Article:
In our process our developers run Unit Tests and Integration Tests before they check in their code for it to be built and deployed to UAT where the testers and product owners can perform their test fixtures and acceptance tests.

Once the unit tests and integration tests have successfully completed, the developer where possible will demonstrate to the tester the working functionality to ensure that the acceptance criteria is satisfied before checking the code in. This test is performed on the development environments by the developer. This begs the question

How do we refer to a non automated test run on the development environment?

I like the sound of Development acceptance testing

Other suggestions could be Pre Check in Review or perhaps Development Sanity Checking

Is there a more standard moniker for this activity doing the rounds in the agile community that I haven't heard of as yet?

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    Is this the most useful thing you could be doing right now? Naming this? More than that, why are you trying to create a process to describe something that is clearly just people using their best judgement/ normal development stuff, does anyone need a cup of tea made or something?
    – Nathan
    Commented Oct 21, 2015 at 14:52
  • Ah! Hi Nathan. You speak with great wisdom. However; I have to document process for those without your clarity of though and sound sense of judgement. The process guide I'm putting in place is mostly for the benefit of the legacy staff I have inherited who have had little experience of any sound development practice over the past 25 years. The new hires and more agile of the existing staff need little hand holding. Now, does anyone fancy a cup of tea ;) Commented Oct 21, 2015 at 15:27
  • If it is just for documenting the process, just describe it as you did to us: The developers give an (informal) demonstration of the feature. Commented Oct 25, 2015 at 20:01
  • Since this is an informal demonstration you should call it exactly that: a demonstration. (calling it developer acceptance testing seems like an oxymoron to me) - presumably not running any formal test case, or not any formal test case that has not already run.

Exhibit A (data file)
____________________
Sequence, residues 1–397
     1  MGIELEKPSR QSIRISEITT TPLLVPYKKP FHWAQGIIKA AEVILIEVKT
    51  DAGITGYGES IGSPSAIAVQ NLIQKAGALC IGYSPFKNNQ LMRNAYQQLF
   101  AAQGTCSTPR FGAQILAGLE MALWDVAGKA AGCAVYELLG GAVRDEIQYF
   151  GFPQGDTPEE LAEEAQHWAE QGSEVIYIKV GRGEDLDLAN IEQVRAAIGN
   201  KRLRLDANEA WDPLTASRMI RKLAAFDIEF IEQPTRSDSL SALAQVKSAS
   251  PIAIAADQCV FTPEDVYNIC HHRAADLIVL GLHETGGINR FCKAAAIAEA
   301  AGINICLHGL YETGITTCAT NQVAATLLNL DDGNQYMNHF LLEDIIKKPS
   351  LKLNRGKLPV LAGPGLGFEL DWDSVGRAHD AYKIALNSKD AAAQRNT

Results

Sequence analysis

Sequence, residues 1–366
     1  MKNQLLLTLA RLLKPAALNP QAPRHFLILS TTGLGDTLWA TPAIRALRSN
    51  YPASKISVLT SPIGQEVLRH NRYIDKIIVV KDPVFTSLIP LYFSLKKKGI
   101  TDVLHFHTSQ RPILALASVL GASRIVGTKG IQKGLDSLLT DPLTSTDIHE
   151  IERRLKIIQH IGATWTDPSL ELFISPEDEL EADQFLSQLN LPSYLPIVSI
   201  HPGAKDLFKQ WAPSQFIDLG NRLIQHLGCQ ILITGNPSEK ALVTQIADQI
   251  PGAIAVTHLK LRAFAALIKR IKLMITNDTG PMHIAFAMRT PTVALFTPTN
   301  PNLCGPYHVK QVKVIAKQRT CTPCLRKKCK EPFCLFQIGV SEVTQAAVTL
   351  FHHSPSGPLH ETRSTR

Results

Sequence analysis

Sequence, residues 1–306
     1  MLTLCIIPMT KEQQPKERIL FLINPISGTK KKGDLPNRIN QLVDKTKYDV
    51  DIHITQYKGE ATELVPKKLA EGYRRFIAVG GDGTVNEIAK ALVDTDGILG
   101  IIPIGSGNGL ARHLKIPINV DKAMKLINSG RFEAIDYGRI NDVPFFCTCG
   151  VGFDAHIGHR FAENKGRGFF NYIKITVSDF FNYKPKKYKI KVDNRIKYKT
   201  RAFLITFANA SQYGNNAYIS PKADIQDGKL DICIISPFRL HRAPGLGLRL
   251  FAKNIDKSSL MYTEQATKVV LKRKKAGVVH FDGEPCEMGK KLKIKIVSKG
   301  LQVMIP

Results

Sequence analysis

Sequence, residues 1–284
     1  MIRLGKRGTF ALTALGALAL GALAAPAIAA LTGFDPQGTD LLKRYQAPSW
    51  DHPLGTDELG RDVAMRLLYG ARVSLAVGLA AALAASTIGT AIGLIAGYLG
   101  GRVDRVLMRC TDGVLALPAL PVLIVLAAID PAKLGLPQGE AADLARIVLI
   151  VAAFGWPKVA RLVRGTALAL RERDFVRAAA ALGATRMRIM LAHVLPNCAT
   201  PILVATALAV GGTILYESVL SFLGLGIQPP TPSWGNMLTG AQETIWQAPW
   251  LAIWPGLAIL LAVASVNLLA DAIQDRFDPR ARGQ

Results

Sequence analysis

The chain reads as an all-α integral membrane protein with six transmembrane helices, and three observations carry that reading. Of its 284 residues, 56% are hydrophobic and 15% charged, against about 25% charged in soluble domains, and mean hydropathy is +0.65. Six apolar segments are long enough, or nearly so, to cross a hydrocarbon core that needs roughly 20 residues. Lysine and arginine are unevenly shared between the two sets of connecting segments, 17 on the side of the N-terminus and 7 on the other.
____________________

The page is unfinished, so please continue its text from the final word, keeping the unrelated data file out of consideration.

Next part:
– asoundmove
    Commented Nov 18, 2015 at 0:38
  • Also I would check against ISTQB, seems like a growing standard practice these days.
    – asoundmove
    Commented Nov 18, 2015 at 0:42

2 Answers 2


Have a look on this Wikipedia page to check if your process is providing the appropriate test coverage according to SDLC and correlate whatever you call your test coverage with how the industry calls it.

Again, you can call it whatever you want, as long as it provides the appropriate test coverage.

The developer doesn't need to convince anyone that his code works. Test cases should be written based on requirements, and the executed against the code RELEASED for testing. Defects captured during tests are fed back to development to be fixed and then retested.


  • Based on my experience, "System Test" is broadly accepted as a test to be done before UAT. +1.
    – Tiago Cardoso
    Commented Nov 22, 2015 at 23:48

I agree with the others in that it sounds like you want to document formal and prescribed processes, which should be avoided in agile IMO. One key thing though, is that you mention it's going to UAT and going to the tester, but hopefully they've been testing all along and this is really about acceptance. If your organization requires that level of documentation, I'd recommend:

"Ready for Acceptance" - the story is ready for acceptance by the responsible party, typically the Product Owner. In some cases, the developer or QA representative will walk through it with the Product Owner if this was not done throughout the iteration/sprint.

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